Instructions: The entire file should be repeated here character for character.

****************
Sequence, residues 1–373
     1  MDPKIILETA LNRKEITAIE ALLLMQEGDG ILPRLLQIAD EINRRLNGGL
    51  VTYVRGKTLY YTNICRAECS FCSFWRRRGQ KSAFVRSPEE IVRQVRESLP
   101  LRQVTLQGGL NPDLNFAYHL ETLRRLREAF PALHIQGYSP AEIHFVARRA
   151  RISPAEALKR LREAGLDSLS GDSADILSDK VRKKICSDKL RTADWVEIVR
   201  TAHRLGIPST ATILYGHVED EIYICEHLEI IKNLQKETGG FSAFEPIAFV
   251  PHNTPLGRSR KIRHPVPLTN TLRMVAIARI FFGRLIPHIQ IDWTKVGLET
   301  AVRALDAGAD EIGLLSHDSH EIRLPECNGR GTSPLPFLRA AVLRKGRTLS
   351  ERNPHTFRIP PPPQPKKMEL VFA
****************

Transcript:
Sequence, residues 1–373
     1  MDPKIILETA LNRKEITAIE ALLLMQEGDG ILPRLLQIAD EINRRLNGGL
    51  VTYVRGKTLY YTNICRAECS FCSFWRRRGQ KSAFVRSPEE IVRQVRESLP
   101  LRQVTLQGGL NPDLNFAYHL ETLRRLREAF PALHIQGYSP AEIHFVARRA
   151  RISPAEALKR LREAGLDSLS GDSADILSDK VRKKICSDKL RTADWVEIVR
   201  TAHRLGIPST ATILYGHVED EIYICEHLEI IKNLQKETGG FSAFEPIAFV
   251  PHNTPLGRSR KIRHPVPLTN TLRMVAIARI FFGRLIPHIQ IDWTKVGLET
   301  AVRALDAGAD EIGLLSHDSH EIRLPECNGR GTSPLPFLRA AVLRKGRTLS
   351  ERNPHTFRIP PPPQPKKMEL VFA